First yeshiva day school for students with language-based learning differences to open this fall in Paramus.
(Courtesy of Yeshivat Shalshelet) Yeshivat Shalshelet is set to open its doors at 80 West Century Road in Paramus this September, adding a much-needed option to the local yeshiva day school landscape. Shalshelet is the first yeshiva day school for children with language-based learning differences, where learning differently is celebrated and personal strengths are cultivated, so students can reach their full potential.
Every child has innate talents that deserve to be nurtured, but not every child can thrive in a typical classroom. “For children with language-based learning differences, the way their brains learn and process information is different, so the way they need to be taught is highly specialized,” explained Shulamit Roth, Shalshelet’s head of school.
While there are several schools in the greater area that are geared entirely toward fostering the gifts of children with language-based learning difficulties, such as dyslexia, never before has there been a yeshiva day school expressly for these children. Parents of children with these learning challenges have been faced with the difficult decision to choose between a yeshiva day school education and the right educational fit for their child. Until now.
“The incredible thing is that there are research- and evidence-based models that have proven effective in helping these kids reach their full potential. Using language-supportive strategies across a dual curriculum in a yeshiva day school setting provides these students the opportunity to celebrate their gifts while strengthening their vulnerabilities,” Roth added.
Rabbi Yaacov Neuburger, rabbi of Congregation Beth Abraham in Bergenfield and Shalshelet’s posek, seconds this need. “Our present yeshiva day schools do a remarkable job in making special education accommodations to help our students. Nevertheless, we’ve identified learning patterns in certain children, and we can serve them so much better with a program that caters to them, which is especially important in our heavily text-based culture.”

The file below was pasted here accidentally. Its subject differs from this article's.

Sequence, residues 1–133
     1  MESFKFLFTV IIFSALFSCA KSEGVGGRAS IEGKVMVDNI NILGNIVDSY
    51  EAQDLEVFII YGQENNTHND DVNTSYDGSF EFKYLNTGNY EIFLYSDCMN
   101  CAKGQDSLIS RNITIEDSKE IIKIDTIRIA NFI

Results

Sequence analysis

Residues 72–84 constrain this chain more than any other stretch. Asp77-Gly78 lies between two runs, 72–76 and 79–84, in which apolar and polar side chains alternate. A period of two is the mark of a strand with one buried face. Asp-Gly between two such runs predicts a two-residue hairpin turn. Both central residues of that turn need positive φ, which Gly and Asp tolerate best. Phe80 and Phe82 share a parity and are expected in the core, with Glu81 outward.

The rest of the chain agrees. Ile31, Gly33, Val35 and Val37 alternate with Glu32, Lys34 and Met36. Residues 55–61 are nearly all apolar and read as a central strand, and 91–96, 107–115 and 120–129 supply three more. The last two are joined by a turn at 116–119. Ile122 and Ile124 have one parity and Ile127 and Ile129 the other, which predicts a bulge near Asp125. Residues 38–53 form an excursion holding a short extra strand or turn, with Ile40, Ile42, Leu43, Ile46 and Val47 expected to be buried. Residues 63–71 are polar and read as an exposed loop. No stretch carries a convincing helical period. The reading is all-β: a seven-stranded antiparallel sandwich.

Batya Paul, executive vice president of Shalshelet’s board of directors, knows this need intimately. Her daughter, Sophia, was diagnosed in second grade with a language-based learning disability. Their yeshiva day school did so much to support her, adding small-group and one-on-one instruction outside of the classroom, however, by fourth grade Sophia felt isolated from her classmates and still felt poorly about herself as a learner.
The Pauls made the difficult decision to send Sophia to a new school specifically geared toward children with her learning profile. In her specialized learning environment, “her academic work grew by leaps and bounds. Her attitude shifted in a short amount of time. She went from ‘I can’t’ to ‘I can,’” Paul recalled.
Sophia thrived in her new school and successfully transitioned to a mainstream yeshiva high school where she is a straight-A student, but it was not always easy. For example, having to travel a great distance to school at a young age means you get home too late to join your friends for extracurricular activities. “The message received is that there isn’t a place for you here, which is hard for both the child and their parents,” Paul explained. “The idea of having a specialized school in our backyard means that not only will these kids have an understanding of Chumash and Nach and Mishnah and pre-Gemara through Shalshelet’s dual special education curriculum, but they can feel a part of their local community. They will know that just because you’re different in the way you need to be educated, you’re the same as everyone else when you’re davening, at your bar or bat mitzvah, or during holidays. And that’s what we want them to feel—proud of being Jewish and accepting of what Hashem has given them. They will know they have the tools within them to be successful, even though their road might look a little different.”